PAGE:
Are YOU brushing your teeth with someone else's poo? Experts say your toothbrush is probably covered in faeces

If you store your toothbrush in the bathroom, it’s highly likely that the head will be riddled with faeces particles that are flung into the air whenever someone flushes.

This means that toothbrushes can be the perfect breeding ground for germs and can get contaminated with potentially deadly bugs including E. coli and norovirus.

Ralitsa Prodanova, a hygiene expert with Fantastic Services, said that poo particles sitting on your toothbrush could pose grave health concerns.

She told “These bio-aerosols can be extremely harmful – and the airborne water droplets are often contaminated with viruses and bacteria.

“Previous scientific studies have shown how E. coli, Clostridium difficile and norovirus can all be transmitted in this way.

“And if you keep your toothbrush near your toilet, these potentially deadly bugs can land on the bristles – before you put them straight into your mouth, twice a day.

“Toothbrushes themselves are the perfect breeding ground for germs.”


In 2015, a study from the Quinnipiac University in Connecticut found there is a 60 per cent chance your toothbrush is covered in poop.

Even more concerning, the study found people using communal bathrooms with an average of nine people had around an 80 per cent chance that the faeces belonged to another person.

For the study, researchers examined the spread of faecal coliforms — rod-shaped bacteria found in human faeces — in communal bathrooms at Quinnipiac University in Connecticut.

They discovered that these coliforms made contact with toothbrush after spreading through the air as a result of actions such as flushing the toilet.


Researcher Lauren Aber said the phenomenon presented a dangerous health risk.

“The main concern is not with the presence of your own faecal matter on your toothbrush, but rather when a toothbrush is contaminated with faecal matter from someone else, which contains bacteria, viruses or parasites that are not part of your normal flora,” she told Science Daily.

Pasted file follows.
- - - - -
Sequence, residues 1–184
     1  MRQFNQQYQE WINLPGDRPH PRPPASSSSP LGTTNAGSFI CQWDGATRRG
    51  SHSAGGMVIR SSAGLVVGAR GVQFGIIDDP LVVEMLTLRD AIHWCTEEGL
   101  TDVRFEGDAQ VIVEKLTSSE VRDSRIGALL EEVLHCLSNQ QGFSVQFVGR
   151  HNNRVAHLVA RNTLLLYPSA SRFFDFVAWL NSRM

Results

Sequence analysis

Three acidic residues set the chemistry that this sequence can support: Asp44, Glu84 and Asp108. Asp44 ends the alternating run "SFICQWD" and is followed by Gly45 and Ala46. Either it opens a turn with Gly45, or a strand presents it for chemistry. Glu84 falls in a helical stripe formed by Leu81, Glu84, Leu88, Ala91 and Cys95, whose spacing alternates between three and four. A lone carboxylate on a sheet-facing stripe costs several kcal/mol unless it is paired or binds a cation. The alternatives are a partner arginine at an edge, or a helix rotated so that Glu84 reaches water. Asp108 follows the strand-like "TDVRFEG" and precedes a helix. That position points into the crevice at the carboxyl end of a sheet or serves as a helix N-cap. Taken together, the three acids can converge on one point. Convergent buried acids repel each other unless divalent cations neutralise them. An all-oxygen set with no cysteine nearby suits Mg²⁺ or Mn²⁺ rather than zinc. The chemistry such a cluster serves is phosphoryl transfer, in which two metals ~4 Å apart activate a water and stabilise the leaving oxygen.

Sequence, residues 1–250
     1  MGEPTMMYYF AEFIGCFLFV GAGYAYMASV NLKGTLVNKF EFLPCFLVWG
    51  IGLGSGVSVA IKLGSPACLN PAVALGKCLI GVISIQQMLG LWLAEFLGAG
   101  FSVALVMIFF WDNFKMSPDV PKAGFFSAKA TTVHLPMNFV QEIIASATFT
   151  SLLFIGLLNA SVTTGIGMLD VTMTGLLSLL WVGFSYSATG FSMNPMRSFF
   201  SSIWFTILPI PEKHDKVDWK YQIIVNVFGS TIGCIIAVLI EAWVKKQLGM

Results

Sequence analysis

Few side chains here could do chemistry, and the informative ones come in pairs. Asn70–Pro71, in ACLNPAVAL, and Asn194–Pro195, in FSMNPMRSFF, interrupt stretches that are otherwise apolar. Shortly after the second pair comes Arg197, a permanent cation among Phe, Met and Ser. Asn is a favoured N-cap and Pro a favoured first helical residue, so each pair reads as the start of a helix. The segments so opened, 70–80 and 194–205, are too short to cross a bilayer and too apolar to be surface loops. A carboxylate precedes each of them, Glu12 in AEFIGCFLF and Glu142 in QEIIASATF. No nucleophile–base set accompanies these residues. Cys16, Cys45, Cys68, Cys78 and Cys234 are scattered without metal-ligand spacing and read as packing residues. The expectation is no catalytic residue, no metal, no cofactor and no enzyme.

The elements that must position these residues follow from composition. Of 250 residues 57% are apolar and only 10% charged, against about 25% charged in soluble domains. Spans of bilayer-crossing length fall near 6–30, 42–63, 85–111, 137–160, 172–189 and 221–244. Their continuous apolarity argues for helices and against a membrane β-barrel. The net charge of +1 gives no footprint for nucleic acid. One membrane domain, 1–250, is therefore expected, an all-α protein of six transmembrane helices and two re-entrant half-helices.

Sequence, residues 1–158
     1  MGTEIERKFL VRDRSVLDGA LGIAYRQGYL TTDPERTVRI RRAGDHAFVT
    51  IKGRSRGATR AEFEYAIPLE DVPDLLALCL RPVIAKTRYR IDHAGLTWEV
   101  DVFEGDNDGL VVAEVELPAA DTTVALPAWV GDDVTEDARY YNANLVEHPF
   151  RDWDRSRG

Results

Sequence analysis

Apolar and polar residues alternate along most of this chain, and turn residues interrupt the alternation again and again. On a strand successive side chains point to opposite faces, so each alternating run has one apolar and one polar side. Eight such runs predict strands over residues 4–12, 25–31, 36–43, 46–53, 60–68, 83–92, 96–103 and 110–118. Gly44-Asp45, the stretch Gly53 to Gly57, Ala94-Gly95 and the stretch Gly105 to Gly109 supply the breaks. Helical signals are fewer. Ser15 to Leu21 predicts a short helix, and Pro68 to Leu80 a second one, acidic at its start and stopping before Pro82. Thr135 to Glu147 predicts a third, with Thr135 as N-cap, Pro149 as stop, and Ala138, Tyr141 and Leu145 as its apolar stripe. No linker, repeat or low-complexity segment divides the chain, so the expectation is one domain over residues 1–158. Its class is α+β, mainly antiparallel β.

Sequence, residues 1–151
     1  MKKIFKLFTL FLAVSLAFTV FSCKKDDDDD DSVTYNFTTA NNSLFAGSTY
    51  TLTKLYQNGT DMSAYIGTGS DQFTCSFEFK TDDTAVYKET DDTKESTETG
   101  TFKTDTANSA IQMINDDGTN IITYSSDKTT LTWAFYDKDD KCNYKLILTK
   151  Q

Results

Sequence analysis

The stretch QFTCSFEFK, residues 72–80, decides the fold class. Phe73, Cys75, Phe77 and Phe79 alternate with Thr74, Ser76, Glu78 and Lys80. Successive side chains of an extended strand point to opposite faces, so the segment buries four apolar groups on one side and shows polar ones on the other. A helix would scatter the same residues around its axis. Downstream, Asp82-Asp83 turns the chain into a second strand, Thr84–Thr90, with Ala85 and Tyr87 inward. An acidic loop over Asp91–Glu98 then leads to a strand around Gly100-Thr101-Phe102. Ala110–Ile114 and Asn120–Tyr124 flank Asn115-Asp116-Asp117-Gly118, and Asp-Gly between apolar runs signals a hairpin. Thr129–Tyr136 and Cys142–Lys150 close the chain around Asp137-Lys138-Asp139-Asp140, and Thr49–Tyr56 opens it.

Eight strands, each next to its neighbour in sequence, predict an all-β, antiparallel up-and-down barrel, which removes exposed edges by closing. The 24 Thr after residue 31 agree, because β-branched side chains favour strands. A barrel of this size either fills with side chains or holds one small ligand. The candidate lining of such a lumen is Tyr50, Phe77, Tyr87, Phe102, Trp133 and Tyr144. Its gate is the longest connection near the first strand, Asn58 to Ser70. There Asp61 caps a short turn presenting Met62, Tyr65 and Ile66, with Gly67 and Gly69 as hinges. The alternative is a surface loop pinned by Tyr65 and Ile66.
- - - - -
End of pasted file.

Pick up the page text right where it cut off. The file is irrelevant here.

It was also discovered that regularly rinsing your toothbrush with mouthwash, hot water or cold water had no effectiveness in decontamination.

And for those thinking a toothbrush cover is the solution, Aber has some very bad news.

“Using a toothbrush cover doesn’t protect a toothbrush from bacterial growth, but actually creates an environment where bacteria are better suited to grow by keeping the bristles moist and not allowing the head of the toothbrush to dry out between uses,” she said.


The research was presented at the annual meeting of the American Society for Microbiology.

Your bathroom is likely riddled with germs and while your toothbrush is the worst offender, it is closely followed by the bath.

The most common types of bacteria found in any bathroom are bacteroidaceae, or bacteria from poo, E.coli, streptococcus and salmonella.

We are regularly exposed to these types of bacteria on daily basis, not just in the bathroom, so the best way to prevent them spreading is to wash your hands.

Your toothbrush can contain at least 200,000 bacteria per square inch – that's more than a toilet seat.

According to a previous study at the University of Manchester your toothbrush can be home to staphylococci bacteria and E. coli, but you don’t need to panic because it still contains fewer bacteria than your mouth.

Most of the germs already exist in your mouth, so you probably won’t get sick from them.

But if you are worried, make sure you store your toothbrush somewhere it can dry out between uses and replace it regularly.

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